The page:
Yesterday, I attended the second Kalamazoo X conference. This year's event featured a great list of speakers, presenting many thought-provoking topics. Ideas came at me so fast, it was tough to keep up. Here are some highlights of the presentations I saw.
"Treating the community like a pile of crap makes it stronger" by Brian Prince
The title of this talk comes from Brian's experience growing up in rural Maine and shoveling manure in the summer months. Manure works better as a fertilizer if you periodically mix it, moving the bottom to the top. The same can be said for user group leadership.
If you are a community leader, plan for a peaceful transition. Identify others who can take over and groom them to do so. Take some time off from the lead role in order to re-energize before coming back.
"Agile+UX: The Great Convergence of User Centered Design and Iterative Development" by John Hwang
John is a web designer and his company is applying agile methodologies to its project. He discussed the challenges of using Agile to manage User Centered Design (UCD) AND User Experience (UX). The big challenge is that Agile is geared toward making developers more efficient, yet designers are a key part of any web development project. John avoids responding to amy Request for Proposal (RFP) because an RFP forceS you to estimate many tasks that you don't yet know and that are almost certain to change. He emphasized that development and design should be done in parallel and that the feedback loops and iterations of agile should apply to both. Developers and designers should work cooperatively, rather than in conflict.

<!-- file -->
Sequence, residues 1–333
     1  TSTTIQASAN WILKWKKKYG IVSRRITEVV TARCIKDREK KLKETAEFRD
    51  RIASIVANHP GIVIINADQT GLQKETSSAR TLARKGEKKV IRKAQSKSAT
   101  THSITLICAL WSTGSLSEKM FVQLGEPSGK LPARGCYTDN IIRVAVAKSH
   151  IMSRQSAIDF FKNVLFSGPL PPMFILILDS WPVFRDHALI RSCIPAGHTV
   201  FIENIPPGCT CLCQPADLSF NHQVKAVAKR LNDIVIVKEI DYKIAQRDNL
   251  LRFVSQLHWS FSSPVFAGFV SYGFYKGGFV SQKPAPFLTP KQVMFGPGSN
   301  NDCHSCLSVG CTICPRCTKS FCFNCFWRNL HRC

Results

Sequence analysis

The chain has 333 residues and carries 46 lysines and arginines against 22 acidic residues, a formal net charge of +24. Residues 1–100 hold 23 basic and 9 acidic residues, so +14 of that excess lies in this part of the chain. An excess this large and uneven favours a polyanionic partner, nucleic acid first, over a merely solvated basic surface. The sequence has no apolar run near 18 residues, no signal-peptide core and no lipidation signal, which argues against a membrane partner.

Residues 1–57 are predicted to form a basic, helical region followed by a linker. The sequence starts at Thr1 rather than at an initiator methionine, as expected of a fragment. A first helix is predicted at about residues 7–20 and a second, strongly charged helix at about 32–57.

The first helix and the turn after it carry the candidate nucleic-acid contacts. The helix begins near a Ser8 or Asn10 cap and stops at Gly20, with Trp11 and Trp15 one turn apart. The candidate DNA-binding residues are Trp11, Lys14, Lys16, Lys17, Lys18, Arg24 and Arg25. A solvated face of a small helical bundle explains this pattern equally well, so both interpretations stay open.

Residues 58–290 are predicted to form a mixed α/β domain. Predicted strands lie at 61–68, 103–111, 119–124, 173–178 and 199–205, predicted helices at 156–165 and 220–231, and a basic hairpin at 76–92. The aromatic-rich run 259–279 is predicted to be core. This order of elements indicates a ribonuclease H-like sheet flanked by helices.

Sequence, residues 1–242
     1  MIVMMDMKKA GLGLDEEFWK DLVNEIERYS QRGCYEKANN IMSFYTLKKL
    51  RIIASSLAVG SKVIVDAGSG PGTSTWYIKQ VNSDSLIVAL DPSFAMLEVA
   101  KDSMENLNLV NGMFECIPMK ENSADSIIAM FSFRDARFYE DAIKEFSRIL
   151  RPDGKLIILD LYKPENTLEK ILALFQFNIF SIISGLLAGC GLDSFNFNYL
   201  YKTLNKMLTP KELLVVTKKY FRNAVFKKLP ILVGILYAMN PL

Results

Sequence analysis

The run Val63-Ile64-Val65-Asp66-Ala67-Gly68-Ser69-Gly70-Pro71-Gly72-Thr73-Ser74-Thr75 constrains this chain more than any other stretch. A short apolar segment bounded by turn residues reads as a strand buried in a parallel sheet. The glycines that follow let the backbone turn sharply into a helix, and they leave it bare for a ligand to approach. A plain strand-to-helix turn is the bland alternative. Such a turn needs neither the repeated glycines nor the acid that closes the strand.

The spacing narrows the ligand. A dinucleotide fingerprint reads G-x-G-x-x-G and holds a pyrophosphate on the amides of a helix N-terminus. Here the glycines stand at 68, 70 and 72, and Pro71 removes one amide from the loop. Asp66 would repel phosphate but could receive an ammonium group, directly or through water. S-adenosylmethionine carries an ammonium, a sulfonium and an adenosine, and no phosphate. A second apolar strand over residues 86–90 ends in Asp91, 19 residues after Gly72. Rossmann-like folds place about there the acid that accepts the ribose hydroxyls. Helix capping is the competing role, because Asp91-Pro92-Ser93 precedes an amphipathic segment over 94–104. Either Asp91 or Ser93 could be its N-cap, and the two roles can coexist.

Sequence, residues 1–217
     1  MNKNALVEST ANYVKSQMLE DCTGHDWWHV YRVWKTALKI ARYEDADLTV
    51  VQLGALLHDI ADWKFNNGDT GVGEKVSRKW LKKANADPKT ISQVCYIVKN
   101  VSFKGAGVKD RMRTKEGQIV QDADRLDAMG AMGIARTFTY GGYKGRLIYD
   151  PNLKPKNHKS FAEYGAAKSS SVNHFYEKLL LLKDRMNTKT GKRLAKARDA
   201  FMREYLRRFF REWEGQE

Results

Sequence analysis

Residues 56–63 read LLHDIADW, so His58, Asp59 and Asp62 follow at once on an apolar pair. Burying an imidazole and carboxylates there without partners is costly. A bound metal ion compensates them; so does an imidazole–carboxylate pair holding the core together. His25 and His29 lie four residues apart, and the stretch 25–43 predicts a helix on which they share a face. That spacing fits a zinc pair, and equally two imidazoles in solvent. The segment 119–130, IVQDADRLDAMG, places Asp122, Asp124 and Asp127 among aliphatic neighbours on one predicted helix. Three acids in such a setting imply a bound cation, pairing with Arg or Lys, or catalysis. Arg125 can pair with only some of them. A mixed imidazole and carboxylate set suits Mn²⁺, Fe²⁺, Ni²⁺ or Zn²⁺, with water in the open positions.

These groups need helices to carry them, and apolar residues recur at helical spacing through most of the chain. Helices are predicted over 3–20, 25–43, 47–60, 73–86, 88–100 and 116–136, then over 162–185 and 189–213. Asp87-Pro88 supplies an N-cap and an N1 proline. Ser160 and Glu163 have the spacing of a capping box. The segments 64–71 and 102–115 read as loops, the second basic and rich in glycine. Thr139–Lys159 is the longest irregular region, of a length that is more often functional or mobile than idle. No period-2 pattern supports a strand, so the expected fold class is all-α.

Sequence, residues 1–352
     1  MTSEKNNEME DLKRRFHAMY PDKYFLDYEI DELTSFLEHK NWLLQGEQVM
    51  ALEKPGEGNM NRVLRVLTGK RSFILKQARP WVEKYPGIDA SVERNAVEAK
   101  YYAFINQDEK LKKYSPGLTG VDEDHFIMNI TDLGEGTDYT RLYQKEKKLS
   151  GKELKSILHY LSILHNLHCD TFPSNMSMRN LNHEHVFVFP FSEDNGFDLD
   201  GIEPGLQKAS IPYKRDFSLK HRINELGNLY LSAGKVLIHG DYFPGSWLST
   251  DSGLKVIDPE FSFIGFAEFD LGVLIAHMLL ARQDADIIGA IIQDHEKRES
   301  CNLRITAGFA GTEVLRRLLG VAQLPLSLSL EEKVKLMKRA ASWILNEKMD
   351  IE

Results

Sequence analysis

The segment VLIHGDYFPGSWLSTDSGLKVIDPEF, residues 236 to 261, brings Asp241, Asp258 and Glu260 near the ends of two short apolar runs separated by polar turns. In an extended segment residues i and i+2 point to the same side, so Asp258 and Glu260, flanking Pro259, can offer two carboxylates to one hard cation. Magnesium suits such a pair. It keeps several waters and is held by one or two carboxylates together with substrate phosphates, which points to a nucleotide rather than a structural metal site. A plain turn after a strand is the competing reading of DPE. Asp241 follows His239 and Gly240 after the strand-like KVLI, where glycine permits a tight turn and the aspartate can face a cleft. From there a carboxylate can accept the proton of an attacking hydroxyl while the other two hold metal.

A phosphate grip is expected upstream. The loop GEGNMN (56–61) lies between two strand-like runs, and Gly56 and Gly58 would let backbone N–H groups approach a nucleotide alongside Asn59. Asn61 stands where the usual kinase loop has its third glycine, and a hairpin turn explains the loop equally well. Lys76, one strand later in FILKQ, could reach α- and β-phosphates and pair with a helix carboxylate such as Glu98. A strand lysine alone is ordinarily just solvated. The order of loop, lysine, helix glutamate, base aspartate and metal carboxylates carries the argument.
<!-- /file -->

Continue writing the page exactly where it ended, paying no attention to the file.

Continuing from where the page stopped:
"How to Work Effectively with a Designer/ How to Work Effectively with a Developer" by Jeff McWherter and Amelia Marschall
Jeff is a developer and Amelia is a designer and the two recently went into business together. They have worked together in the past and they related some of the challenges and lessons learned from their previous collaborations.
"Communication is the key" was a message they reiterated several times during this talk: Ensure that your partner knows what you are doing; verify that it is consistent with what they are doing and that the technology supports it. Developers and designers should strive to learn about the tools and skills of the others. It will help them figure out what they can accomplish.
Mock-ups are a key means for designers to convey information. Jeff said that he often writes business rules in the margins of Amelia's mock-up drawings.
"Does Your Code Tell a Story?" by Alan Stevens
Alan told us we should not bury the lead, so I will tell you his main point now: Beauty is the ultimate defense against complexity.
Alan took the advice of successful novelists and applied their principles to the art of writing code. "The code in our industry is crap", he asserted; then he explained how to make it better: Take chances; write shitty code in your first draft; refactor it several times; and make it clear, simple and obvious before releasing it.
"Unwritten Rules of Resumes" by Jeff Blankenburg
Jeff's major point was that your resume should stand out and distinguish you from other candidates. He advised ncluding a strong first paragraph in a personal letter, accompanied by a self-addressed, stamped return post card with your resume. This will help to establish you in the minds of the hiring personnel. Establish a strong professional network and avoid the temptation to burn bridges when you leave a company.
"Have you hugged your brand today?" by Clovis Bordeaux
Per Clovis, building a brand begins with a mission statement. A critical part of building your brand is getting every employee involved and on the same page, regarding the message you are sending about your company.